Credit Report Ladder - Illustration by Michael Brown
Illustration by Michael Brown

When did you get your latest free credit report?

Here is one important and disturbing fact: only one in five consumers obtains copies of their credit report each year.

Here is another: One in five that does get his or her report is likely to receive a different score than the one sent to a lender!

In December 2012, the Consumer Financial Protection Bureau (CFPB) released a report on how the three largest nationwide credit reporting companies (Experian, Equifax, and TransUnion) manage data and compile your credit report.

Your credit report is critical to your financial future because lenders use it to make big decisions about you, like whether to approve you for a loan“, said Pamela Banks, senior policy counsel for Consumers Union. The report helps consumers understand what goes in to their report so they can be smart about how they handle their credit.”

Banks continued, “It is especially concerning that so few consumers are getting their free credit reports every year. Often times the only way that a consumer will find out that there is an error is after they’re denied credit, which could easily be avoided by routinely checking your report and disputing errors.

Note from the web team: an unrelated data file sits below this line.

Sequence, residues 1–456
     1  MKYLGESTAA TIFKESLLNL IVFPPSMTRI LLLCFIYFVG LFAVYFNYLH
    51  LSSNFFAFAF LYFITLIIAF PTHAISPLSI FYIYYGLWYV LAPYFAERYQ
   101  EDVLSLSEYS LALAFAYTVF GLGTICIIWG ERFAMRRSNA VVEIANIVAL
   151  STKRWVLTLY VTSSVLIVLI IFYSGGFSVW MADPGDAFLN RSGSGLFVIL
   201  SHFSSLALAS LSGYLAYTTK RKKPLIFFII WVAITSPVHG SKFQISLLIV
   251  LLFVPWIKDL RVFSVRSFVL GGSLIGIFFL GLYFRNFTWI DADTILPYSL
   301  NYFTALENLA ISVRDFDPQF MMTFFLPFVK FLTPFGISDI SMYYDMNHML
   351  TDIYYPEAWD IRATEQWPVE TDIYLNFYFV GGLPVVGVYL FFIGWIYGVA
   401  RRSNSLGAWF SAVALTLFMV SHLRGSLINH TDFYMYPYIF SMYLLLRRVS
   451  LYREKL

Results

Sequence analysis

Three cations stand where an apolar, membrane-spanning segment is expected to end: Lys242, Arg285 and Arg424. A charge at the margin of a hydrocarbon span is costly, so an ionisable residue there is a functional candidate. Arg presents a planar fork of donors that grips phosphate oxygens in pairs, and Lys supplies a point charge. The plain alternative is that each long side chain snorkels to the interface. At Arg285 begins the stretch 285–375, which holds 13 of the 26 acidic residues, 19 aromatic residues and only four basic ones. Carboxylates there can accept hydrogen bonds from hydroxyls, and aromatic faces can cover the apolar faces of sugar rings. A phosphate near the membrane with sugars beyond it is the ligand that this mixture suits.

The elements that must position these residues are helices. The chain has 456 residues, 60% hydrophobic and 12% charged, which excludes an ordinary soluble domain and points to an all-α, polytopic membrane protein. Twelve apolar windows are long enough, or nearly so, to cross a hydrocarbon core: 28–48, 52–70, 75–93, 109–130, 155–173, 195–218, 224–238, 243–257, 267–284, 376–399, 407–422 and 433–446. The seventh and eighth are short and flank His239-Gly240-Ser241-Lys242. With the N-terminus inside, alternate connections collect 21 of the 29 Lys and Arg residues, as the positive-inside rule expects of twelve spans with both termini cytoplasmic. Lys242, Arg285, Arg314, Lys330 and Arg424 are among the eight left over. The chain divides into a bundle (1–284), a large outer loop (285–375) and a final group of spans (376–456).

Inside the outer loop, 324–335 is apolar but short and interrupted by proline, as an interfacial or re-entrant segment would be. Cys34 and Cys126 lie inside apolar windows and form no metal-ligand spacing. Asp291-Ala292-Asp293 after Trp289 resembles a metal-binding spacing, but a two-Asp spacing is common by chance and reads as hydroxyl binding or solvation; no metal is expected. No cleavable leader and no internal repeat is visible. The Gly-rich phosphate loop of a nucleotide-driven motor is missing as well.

My suggestion is that you get your reports and make sure they are accurate. Do this on a regular basis. You can spread your reports over the year; get one from Experian in January, one from Equifax in May, and so forth.

How long ago was it since you got yours?

Remember, there is only one official place to get a truly free credit report: the web site While other sites may offer you a free report and additional services, they eventually will charge you for this service.

Consumers Union also has a page at with information on how to get your free credit report, how to fix mistakes in the report, and why it’s so important to check yours every year.

Still, you need be aware that there is one important thing missing from that report – your credit score! You must pay to get that score from Equifax, Experian, or TransUnion.

Even worse, a previous report by the CFPB found that one in five consumers was likely to receive a different score than the one sent to a lender!

Many consumers might assume that the report includes your score, but it doesn’t,” Banks pointed out. “Consumers need access to a reliable score and they shouldn’t have to shop around for the best deal and hope that it’s an accurate score.

Consumers Union is one of many organization urging the CFPB and Congress to change regulations and require credit scores to be included in your annual free credit report.

For years we have been saying that we need to take the mystery out of credit reporting,” said Pamela Banks.